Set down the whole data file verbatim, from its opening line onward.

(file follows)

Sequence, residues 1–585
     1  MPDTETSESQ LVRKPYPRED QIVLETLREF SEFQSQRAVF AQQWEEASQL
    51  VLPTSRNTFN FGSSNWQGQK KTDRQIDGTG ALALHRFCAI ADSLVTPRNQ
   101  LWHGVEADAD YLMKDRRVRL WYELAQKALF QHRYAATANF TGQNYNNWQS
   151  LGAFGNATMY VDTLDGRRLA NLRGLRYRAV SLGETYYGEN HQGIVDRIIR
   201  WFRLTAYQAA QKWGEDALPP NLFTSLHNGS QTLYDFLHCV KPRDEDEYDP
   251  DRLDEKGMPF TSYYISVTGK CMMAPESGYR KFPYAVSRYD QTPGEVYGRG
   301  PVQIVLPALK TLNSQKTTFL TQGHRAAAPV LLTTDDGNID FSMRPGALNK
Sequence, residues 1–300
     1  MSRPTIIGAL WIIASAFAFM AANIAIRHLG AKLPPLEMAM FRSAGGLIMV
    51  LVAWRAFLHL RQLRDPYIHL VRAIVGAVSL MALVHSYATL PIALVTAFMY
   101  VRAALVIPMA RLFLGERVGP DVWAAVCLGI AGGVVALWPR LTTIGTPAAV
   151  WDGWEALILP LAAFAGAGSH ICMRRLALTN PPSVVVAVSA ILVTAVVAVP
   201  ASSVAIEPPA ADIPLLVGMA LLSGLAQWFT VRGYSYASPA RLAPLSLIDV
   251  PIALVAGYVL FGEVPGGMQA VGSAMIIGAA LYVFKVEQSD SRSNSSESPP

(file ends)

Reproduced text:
Sequence, residues 1–585
     1  MPDTETSESQ LVRKPYPRED QIVLETLREF SEFQSQRAVF AQQWEEASQL
    51  VLPTSRNTFN FGSSNWQGQK KTDRQIDGTG ALALHRFCAI ADSLVTPRNQ
   101  LWHGVEADAD YLMKDRRVRL WYELAQKALF QHRYAATANF TGQNYNNWQS
   151  LGAFGNATMY VDTLDGRRLA NLRGLRYRAV SLGETYYGEN HQGIVDRIIR
   201  WFRLTAYQAA QKWGEDALPP NLFTSLHNGS QTLYDFLHCV KPRDEDEYDP
   251  DRLDEKGMPF TSYYISVTGK CMMAPESGYR KFPYAVSRYD QTPGEVYGRG
   301  PVQIVLPALK TLNSQKTTFL TQGHRAAAPV LLTTDDGNID FSMRPGALNK
Sequence, residues 1–300
     1  MSRPTIIGAL WIIASAFAFM AANIAIRHLG AKLPPLEMAM FRSAGGLIMV
    51  LVAWRAFLHL RQLRDPYIHL VRAIVGAVSL MALVHSYATL PIALVTAFMY
   101  VRAALVIPMA RLFLGERVGP DVWAAVCLGI AGGVVALWPR LTTIGTPAAV
   151  WDGWEALILP LAAFAGAGSH ICMRRLALTN PPSVVVAVSA ILVTAVVAVP
   201  ASSVAIEPPA ADIPLLVGMA LLSGLAQWFT VRGYSYASPA RLAPLSLIDV
   251  PIALVAGYVL FGEVPGGMQA VGSAMIIGAA LYVFKVEQSD SRSNSSESPP